Watch Jimmy Fallon, Jerry Seinfeld and Martin Short Fail at Pictionary - Rolling Stone
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Watch Jimmy Fallon, Jerry Seinfeld and Martin Short Fail at Pictionary

Comedians joined by YouTube star Miranda Sings for a furious, futile game of family fun

Jimmy Fallon enlisted Jerry Seinfeld, Martin Short and comedian Colleen Ballinger — who appeared in character as YouTube star Miranda Sings — for a game of Pictionary on The Tonight Show Monday night. It was a ridiculous, heated battle that proved once and for all that the quick-draw game is the ultimate in family fun and fracas.

The team of Seinfeld and Sings went first, with the latter slowly drawing a small piece of mistletoe that left the former so flustered he reverted to his classic exasperated Seinfeld voice, which Fallon quickly picked up on and perfectly impersonated. Fallon and Short, however, didn’t fare much better, though Short’s guess of “Kite Runner” for “Hang Gliding” was the closest anyone got to a correct answer.

The rest of the game was total chaos: Sings insisted Seinfeld’s foot for “Foot in the Door” looked like “a freaking chicken,” Short drew a Satanic half-pig for “Piggy Bank,” and both closed out the game with unflattering — and slightly grotesque — portraits of Mrs. Claus. While the game ended in a thrilling zero-zero tie, one thing was clear: All four should not quit their day jobs.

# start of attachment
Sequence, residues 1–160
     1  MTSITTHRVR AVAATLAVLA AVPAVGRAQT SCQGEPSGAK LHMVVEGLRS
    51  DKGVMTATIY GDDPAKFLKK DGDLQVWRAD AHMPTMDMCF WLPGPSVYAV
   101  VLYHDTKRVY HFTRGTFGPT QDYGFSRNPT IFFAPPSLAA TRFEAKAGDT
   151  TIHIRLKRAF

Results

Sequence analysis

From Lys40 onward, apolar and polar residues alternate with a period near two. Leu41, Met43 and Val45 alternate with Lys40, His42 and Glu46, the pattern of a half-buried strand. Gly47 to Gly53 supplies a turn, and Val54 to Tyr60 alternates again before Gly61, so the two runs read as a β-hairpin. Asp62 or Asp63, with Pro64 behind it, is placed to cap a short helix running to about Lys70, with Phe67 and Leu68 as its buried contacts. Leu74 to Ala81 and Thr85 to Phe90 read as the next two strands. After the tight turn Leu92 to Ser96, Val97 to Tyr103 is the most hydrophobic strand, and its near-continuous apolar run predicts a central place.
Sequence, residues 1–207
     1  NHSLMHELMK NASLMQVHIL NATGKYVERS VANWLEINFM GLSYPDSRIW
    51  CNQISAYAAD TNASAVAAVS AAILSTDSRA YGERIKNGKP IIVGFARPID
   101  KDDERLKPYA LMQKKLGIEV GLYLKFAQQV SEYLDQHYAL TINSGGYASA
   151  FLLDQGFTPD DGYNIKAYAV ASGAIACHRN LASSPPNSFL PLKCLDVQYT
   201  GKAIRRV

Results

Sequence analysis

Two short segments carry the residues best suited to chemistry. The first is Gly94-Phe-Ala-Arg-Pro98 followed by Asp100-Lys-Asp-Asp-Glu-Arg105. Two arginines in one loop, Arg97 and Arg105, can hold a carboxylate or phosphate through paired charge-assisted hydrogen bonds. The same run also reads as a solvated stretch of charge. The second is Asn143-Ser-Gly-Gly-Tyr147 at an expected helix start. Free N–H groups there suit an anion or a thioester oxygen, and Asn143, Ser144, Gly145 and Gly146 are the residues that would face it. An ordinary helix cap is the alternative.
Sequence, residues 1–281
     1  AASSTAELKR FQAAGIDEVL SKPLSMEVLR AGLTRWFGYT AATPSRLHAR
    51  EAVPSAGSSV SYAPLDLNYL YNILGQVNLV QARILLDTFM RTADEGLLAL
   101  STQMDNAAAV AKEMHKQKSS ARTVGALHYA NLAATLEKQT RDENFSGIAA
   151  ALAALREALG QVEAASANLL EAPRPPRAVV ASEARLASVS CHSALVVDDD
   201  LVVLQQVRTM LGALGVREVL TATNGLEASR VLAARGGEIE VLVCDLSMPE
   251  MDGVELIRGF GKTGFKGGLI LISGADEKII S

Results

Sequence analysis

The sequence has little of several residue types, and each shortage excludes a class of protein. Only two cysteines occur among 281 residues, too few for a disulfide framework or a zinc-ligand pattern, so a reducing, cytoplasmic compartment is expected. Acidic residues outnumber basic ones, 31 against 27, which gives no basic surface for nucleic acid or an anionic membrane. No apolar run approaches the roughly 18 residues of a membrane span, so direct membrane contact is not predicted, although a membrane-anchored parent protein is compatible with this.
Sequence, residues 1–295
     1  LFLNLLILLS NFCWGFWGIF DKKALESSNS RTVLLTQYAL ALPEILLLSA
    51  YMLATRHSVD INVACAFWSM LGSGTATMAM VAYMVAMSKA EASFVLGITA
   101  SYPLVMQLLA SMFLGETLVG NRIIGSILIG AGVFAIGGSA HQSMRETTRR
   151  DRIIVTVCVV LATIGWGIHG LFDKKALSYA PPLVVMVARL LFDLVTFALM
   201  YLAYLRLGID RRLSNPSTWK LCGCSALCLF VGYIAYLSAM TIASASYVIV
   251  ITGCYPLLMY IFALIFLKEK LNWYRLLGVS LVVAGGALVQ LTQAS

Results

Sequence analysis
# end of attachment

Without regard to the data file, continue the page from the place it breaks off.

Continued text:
While Sings and Seinfeld stopped by to promote their recent Thanksgiving episode of Seinfeld’s web series, Comedians in Cars Getting Coffee, Short headed to Tonight with a bevy of projects to discuss. Along with his recurring role on the Fox sitcom Mulaney, the comic actor just published his memoir, I Must Say: My Life as a Humble Comedy Legend, and will appear in Paul Thomas Anderson’s upcoming film, Inherent Vice.

“If you ever have a chance to play a horny, swinging, coke-snorting dentist, you really have to take it,” Short recently told Rolling Stone about his Inherent Vice role. “I was expecting Paul to be this brooding auteur, but he’s really a regular guy. He likes doing fast takes, and lots of them. I’d improvise something and he’d say, ‘That’s great, Marty, do some more of those.’ ‘You sure it’s not too big, Paul?’ ‘Nah, nothing is too big!'”


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